Where is Kilroy? Do you know?
We sure didn’t, my intrepid teammate and I, when we embarked on the GO Urban Adventure Race, a nationwide series that launched Saturday in DC. The way it works is that your two-person team receives a series of text messages with clues to 12 GO Points around town. Once you get to the GO Point, you have to text back the answer to the clue. Then you’ll receive another clue. You have to take a picture of your team at each GO Point, and often you have to find something there that’s specific and elusive — such as Kilroy.
Turns out his cartoon face peeps out from behind a golden service gate at the National World War II Memorial, near the Delaware pillar. He’s not prominent, to say the least. When repeated circling of the monument in the hot summer sun hadn’t disclosed his location, I headed to the information booth while Mark began working the Blackberry. Two attendants sat at the booth. When I asked for Kilroy, one all but stroked his chin while answering slowly, “Kilroy is near water, and gold….” The other caught the look I gave him and cut to the chase with actual directions. When I turned from the booth, Mark was already waving me to the right spot. Clue solved.
Thank goodness. At the starting area, I had felt a little intimidated while watching other teams. Several were wearing backpacks bulging with…what? Laptops? GPS devices? Special equipment to tap databases at the CIA? All we had were a two-year-old cell phone, a half-charged Blackberry and our, uh, wits.
No matter. As we weren’t paying enough attention during the initial announcements and were by far the last to leave, I knew we hadn’t much hope of pocketing the winning prize of $400 and a month’s supply of Honest Tea. In the end, we reached nine of the GO Points, not far off from many of the other competitors we talked to.
And at the finish line, we had one overall impression — it was tons of fun. The crowd gathered around sampling the organic beer and tea seemed to agree. The clues were challenging but not impossible, and taught us about things in the city we’d not known before. The race was eco-friendly, and we discovered a few new “green” businesses through its sponsors and GO Points. We each got a soft organic cotton t-shirt and an uber-cool Love Bottle. Museum and monument guards helped us out. We felt famous, with tourists whispering as we passed, “There goes another one!” The other competitors were friendly, and as the day wore on, teams crossing paths at or between GO Points began to trade tips.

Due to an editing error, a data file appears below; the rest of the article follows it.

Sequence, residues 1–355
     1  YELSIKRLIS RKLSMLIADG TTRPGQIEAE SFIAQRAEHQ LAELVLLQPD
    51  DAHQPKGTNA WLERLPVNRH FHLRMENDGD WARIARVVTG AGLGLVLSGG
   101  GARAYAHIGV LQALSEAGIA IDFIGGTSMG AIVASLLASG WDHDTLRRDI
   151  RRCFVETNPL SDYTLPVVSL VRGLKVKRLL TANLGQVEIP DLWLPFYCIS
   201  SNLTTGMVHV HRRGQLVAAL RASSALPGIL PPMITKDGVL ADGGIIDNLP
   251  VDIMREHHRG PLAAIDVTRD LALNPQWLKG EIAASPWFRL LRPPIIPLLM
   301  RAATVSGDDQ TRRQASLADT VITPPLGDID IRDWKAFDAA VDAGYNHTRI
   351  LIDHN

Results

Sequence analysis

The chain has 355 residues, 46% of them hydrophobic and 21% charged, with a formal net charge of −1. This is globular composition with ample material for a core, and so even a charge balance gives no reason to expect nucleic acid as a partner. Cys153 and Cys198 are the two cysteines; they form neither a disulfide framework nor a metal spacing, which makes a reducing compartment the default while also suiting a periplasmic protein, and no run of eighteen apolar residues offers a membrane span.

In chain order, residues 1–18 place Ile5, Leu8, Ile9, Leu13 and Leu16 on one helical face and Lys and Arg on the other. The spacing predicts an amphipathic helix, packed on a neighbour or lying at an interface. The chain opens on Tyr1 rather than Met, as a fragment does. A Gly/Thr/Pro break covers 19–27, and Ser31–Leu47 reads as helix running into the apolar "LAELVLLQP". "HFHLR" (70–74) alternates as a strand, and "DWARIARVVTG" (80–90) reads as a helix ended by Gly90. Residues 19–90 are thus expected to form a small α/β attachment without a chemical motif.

The race also was good exercise, as the only allowable ways to get around town were by public transportation or on foot. It started at George Washington University, and the DC GO Points ranged from Dupont Circle to the far reaches of the Mall.
Two of the GO Points were in Alexandria, and an emergency text pulled them from the game after a few persistent competitors reported spending more than two hours trying to go there and back, the result of track-maintenance-induced Metro fail. We never attempted to reach them, thanks to a generous tip from fellow competitors. Those who made it, though, were treated to the challenge of an indoor rock wall, a rope climb, and a special prize from the race. The organizers say future races likely will keep folks a little closer to home, that while they liked the idea of including Sportrock and CrossFit in a fitness-focused event, they didn’t plan on the um…reliability of Metro travel.
So, you’re ready to sign up for the next one…or one in another city. What do you need to know? Here are a few of my top-secret lessons learned. I share them with love, and the understanding that you won’t use them against me in next year’s event (because I’ll be a hard-core competitor by then, for sure):
- Learn how to save pictures onto your cell phone.
- Fully charge your Blackberry, iPhone, whatever the night before.
- Don’t walk into traffic while texting (good advice for any day).
- Stash your goody bag back at the car, in the bushes, wherever. For pete’s sake don’t carry it on your shoulder the whole race. It is heavier than it looks.
- Even if the clue says “near the Gunboat Philadelphia,” when your teammate claims that he/she knows what a local-food On the Fly Kart is, and that it would be on the street, do not insist on looking for it on the third floor of the National Museum of American History at 3 p.m. on a summer Saturday, along with 2.17 gazillion tourists.
And above all, have a good time. Remember, the championships are here next July. Winners from all cities across the country are eligible — plus all participants in Saturday’s inaugural event. And who knows; maybe you’ll even see Kilroy.